Farms may also keep animals. That is called animal husbandry. If they are used to make meat for people to eat, that is livestock production. Non-meat animals, such as milk cows and egg-producing chickens, are kept for their produce. "Produce" here means their eggs and milk, which are sold by the farm, usually in markets. Large animals need grassland of some kind for grazing. What they need depends on the animals. Goats eat a much wider range of plants than cows. In some parts of the world, that makes goats a more sensible choice for a farmer than cows.

Food change

 
Sinai palm dates farming

It is important for there to be enough food for everyone. The food must also be safe and good. People say it is not always safe, because it contains some chemicals. Other people say intensive agriculture is damaging the environment. For this reason, there are several types of agriculture.

  • Traditional agriculture is mostly done in poor countries.
  • Intensive agriculture is mostly done in countries with more money. It uses pesticides, machinery, chemical fertilizers.
  • Organic farming is using only natural products such as compost and green manure.
  • Integrated farming is using local resources, and trying to use the waste from one process as a resource in another process.

Agricultural policy means the goals and methods of agricultural production. Common goals of policy include the quality, amount, and safety of food.

Problems change

There are some serious problems that people face trying to grow food today. These include:

There are also difficulties with the distribution of food:

  • Warfare: see Nigerian Civil War (Biafran War) for an example. See Russia–Ukrainian war for an example.
  • Distribution: Difficulties with moving product from grower to consumer. It is expected that this difficulty will increase in future. The reasons for this are complex, but one important factor may be the absence of a dominant international naval power. The British Navy provided protection against pirates in the 19th and early 20th century, and the US Navy protected shipping after WWII. The US is still a dominant naval power, but its power will soon be based on its small number of huge aircraft carriers. They will not deal with small boats full of armed pirates, which is the usual way piracy is done. So we can expect grain ships (etc) will have to carry any protection they may need, or they will have to go the long way around. That means avoiding the shortcuts into the Mediterranean. Other kinds of warfare, such as we see in the Ukraine, adds to the problem of shipping food products safely.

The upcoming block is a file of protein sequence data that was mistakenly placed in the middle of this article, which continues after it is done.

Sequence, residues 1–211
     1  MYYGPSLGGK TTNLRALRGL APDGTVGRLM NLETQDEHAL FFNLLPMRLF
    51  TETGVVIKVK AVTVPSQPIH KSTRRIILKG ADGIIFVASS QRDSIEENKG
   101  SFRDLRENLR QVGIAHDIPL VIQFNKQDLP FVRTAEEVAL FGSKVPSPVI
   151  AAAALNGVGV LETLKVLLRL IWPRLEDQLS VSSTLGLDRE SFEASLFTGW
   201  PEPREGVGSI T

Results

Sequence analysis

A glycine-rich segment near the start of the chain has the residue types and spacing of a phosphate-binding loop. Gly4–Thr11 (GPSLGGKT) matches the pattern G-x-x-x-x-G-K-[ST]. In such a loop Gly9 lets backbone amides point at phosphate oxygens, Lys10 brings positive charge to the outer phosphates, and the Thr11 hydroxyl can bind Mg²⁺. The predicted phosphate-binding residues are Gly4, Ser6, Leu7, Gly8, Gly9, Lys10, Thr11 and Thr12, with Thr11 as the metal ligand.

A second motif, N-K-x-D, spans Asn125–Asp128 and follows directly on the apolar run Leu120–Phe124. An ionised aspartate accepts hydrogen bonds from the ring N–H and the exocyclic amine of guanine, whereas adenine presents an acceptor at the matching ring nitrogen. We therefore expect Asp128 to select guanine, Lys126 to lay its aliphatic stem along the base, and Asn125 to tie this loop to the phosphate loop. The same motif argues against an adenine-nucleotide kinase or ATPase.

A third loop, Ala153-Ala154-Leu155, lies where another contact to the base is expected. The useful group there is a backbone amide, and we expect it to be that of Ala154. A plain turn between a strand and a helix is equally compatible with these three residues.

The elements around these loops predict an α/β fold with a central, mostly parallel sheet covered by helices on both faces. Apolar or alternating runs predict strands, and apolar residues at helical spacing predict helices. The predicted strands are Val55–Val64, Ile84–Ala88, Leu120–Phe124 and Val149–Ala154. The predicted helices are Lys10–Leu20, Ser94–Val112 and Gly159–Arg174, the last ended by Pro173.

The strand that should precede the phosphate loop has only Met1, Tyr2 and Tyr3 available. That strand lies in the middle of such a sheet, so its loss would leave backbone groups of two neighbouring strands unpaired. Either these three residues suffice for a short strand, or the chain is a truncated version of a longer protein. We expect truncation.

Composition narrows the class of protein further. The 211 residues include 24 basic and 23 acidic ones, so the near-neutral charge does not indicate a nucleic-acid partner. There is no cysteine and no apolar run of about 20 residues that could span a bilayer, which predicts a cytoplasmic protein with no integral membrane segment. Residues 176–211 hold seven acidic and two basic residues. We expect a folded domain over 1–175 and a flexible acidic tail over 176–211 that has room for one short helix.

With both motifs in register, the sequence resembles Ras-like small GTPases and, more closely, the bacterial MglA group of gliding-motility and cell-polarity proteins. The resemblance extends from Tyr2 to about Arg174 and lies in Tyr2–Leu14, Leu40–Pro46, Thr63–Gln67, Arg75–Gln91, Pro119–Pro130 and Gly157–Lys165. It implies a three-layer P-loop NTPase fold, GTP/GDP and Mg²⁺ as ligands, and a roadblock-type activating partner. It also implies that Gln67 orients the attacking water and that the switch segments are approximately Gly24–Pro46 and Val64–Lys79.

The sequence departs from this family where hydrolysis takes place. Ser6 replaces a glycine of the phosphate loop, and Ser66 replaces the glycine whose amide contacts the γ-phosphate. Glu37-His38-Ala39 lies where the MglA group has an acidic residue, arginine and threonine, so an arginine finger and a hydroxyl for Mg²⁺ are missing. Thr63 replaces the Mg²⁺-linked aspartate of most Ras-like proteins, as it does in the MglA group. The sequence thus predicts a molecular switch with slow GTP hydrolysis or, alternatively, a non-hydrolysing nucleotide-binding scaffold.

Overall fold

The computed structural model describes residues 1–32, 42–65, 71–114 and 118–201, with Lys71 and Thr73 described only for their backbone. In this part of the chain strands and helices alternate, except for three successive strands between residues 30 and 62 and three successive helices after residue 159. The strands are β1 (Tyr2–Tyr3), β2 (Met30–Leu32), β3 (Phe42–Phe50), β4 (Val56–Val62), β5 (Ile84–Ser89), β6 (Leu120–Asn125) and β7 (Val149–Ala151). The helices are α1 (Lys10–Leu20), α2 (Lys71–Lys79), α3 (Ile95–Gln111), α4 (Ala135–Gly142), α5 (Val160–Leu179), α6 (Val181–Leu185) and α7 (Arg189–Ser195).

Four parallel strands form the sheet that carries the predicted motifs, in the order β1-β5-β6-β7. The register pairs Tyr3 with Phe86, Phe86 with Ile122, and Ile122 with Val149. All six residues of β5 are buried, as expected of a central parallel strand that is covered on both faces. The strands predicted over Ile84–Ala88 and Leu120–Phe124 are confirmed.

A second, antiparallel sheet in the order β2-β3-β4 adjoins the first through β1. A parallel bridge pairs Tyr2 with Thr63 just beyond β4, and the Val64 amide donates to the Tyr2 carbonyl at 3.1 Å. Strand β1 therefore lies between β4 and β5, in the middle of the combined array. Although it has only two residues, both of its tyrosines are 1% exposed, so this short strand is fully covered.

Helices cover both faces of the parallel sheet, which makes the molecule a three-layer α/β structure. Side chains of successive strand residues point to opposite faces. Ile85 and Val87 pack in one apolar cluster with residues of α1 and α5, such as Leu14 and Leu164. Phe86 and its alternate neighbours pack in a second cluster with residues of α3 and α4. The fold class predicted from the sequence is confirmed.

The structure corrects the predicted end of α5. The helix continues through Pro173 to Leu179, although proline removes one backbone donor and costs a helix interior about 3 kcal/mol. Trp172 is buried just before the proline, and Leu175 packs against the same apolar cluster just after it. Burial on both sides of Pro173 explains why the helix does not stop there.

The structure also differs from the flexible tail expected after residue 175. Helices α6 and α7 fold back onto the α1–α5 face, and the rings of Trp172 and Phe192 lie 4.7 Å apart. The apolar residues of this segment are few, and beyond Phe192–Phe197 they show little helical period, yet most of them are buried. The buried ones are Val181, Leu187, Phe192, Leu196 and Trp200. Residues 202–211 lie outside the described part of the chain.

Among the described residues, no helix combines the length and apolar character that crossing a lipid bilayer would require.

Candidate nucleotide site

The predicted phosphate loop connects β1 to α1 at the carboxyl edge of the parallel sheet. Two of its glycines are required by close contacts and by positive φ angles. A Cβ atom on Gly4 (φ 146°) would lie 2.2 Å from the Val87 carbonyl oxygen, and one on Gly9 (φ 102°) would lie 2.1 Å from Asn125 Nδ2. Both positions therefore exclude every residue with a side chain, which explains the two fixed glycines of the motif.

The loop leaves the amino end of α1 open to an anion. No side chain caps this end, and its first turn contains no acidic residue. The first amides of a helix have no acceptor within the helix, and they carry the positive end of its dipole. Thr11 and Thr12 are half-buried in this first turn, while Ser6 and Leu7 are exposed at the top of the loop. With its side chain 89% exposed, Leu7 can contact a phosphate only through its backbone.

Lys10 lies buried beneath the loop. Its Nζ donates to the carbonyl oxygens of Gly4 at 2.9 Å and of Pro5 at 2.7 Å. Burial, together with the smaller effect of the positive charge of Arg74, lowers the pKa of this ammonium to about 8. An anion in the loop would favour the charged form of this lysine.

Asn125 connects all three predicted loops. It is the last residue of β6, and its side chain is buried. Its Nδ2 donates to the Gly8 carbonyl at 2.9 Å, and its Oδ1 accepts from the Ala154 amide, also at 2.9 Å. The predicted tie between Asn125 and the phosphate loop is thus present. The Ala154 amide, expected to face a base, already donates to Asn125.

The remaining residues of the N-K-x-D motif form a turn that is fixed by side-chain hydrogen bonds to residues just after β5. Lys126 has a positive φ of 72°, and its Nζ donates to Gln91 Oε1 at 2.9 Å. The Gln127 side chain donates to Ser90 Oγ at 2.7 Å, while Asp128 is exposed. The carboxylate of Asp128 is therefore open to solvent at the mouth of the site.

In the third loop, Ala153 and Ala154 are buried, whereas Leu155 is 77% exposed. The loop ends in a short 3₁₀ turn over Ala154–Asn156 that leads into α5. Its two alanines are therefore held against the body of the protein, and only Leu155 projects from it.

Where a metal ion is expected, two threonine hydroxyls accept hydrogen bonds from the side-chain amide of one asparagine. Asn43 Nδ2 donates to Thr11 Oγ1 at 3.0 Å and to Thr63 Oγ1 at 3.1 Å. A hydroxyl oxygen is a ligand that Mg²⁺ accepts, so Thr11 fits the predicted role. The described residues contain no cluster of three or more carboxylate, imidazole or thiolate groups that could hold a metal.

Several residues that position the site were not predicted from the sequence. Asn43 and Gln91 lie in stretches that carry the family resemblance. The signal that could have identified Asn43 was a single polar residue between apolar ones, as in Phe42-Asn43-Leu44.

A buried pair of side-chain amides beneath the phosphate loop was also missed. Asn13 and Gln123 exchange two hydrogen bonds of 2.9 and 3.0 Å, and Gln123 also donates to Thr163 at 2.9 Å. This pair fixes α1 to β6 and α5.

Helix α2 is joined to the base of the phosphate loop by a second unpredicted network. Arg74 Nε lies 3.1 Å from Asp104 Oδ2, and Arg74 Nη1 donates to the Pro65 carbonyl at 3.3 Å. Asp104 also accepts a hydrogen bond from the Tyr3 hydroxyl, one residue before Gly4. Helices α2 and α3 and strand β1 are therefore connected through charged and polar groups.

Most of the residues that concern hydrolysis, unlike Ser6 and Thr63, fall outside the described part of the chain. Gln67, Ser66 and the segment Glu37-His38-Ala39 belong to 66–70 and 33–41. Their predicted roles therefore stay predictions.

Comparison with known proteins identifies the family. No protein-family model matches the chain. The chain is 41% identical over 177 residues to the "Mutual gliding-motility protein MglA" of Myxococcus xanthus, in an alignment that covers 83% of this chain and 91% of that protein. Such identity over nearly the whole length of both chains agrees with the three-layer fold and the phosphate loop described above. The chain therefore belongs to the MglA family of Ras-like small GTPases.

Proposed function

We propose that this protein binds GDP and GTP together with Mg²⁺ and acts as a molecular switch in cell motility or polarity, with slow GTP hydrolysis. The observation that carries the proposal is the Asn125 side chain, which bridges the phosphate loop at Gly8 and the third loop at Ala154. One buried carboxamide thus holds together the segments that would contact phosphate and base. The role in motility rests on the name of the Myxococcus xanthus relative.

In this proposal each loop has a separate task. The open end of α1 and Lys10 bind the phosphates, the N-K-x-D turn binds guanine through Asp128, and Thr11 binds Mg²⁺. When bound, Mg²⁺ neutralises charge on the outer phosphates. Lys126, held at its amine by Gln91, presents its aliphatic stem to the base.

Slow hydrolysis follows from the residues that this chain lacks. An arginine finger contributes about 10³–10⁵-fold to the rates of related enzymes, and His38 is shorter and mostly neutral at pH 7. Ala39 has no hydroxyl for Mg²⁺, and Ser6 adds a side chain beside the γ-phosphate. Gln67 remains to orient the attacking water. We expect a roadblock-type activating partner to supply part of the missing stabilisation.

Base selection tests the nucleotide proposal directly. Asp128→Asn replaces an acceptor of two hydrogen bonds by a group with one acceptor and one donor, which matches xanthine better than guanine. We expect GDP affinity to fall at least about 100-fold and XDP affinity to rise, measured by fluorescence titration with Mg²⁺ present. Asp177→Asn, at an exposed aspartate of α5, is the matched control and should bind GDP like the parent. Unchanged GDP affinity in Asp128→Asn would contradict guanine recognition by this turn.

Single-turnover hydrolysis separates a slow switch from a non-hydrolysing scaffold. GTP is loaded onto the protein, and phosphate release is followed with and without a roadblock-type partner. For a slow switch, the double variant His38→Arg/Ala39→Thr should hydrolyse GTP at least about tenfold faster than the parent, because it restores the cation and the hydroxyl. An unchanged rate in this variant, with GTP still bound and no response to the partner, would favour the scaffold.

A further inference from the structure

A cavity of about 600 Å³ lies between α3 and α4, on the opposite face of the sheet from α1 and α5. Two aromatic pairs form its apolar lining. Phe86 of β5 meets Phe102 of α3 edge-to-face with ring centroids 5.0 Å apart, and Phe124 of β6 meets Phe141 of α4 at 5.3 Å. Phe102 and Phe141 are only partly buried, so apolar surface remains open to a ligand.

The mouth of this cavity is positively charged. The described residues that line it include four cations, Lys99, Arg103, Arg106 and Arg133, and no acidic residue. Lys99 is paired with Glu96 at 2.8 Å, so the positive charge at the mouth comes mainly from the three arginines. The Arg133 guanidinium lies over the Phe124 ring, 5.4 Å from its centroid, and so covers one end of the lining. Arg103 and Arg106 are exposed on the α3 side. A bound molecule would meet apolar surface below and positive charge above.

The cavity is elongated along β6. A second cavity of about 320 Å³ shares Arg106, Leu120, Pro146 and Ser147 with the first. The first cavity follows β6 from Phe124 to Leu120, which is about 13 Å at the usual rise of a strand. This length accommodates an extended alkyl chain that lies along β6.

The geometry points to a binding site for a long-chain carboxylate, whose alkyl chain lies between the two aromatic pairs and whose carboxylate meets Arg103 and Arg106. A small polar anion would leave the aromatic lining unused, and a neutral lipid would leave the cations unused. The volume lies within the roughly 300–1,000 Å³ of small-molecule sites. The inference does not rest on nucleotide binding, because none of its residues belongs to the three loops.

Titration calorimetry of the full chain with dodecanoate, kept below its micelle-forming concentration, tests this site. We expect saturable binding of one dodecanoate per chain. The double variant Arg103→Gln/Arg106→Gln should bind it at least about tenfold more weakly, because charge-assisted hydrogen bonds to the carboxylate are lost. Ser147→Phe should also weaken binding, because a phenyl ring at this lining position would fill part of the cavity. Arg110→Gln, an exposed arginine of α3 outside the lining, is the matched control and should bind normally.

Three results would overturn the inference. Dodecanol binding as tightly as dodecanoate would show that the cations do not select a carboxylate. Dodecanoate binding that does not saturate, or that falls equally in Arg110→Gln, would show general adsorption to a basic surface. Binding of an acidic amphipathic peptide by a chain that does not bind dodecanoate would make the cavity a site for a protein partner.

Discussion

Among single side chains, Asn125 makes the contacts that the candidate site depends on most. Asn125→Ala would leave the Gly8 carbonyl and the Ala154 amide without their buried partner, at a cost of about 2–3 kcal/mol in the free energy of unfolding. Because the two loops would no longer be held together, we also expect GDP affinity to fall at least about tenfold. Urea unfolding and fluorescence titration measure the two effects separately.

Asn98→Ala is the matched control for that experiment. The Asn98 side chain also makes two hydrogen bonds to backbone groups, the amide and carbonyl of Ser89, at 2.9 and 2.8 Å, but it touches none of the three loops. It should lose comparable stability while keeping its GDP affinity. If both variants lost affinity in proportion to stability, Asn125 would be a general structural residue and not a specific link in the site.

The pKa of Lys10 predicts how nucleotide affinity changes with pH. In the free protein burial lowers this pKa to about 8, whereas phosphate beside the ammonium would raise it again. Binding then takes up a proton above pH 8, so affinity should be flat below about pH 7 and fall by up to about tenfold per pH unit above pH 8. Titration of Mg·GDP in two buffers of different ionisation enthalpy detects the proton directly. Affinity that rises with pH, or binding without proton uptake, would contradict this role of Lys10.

Crops change

In produced weight, these crops are the most important (global production in metric tonnes):[7]

The figure for sugarcane is rather deceptive. It omits sugar beet, but includes the weight of the woody stalk. Most of the plants which produce food are in the grass family Poaceae.

Crop 2000 2013 2020
Sugarcane 1,256,380 1,877,110 1,870,246
Rice 599,355 745,710 1,264,410
Maize 592,479 1,016,740 1,171,332
Wheat 585,691 713,183 760,931
Potato 327,600 368,096 359,124

Related pages change

Agriculture by country change

References change

  1. Colin Tudge argues "from at least 40,000 years ago... people were managing their environment to such an extent that they can properly be called 'proto-farmers'". Tudge, Colin 1998. Neanderthals, bandits and farmers: how agriculture really began. London: Weidenfeld & Nicolson, p3. ISBN 0-297-84258-7
  2. Harris, David (ed) 1996. The origins and spread of agriculture and pastoralism in Eurasia: crops, fields, flocks and herds. University College London Press. ISBN 1-56098-675-1
  3. World Cotton Production, Yara North America
  4. https://www.pbs.org/wnet/nature/blog/american-horses-horses-in-north-america-a-comeback-story/#:~:text=In%20the%20late%201400s%2C%20Spanish,and%20spread%20across%20the%20nation.. PBS.org. Retrieved 2023-07-31
  5. Taiz, Lincoln 2013. Agriculture, plant physiology, and human population growth: past, present, and future. Theoretical and Experimental Plant Physiology 25: p167–181.
  6. Zulkarnaen, Diny, and Marianito R. Rodrigo 2020. Modelling human carrying capacity as a function of food availability. The ANZIAM Journal 62.3: p318–333.
  7. FAO 2015. FAO Statistical Pocketbook 2015, ISBN 978-92-5-108802-9, p. 28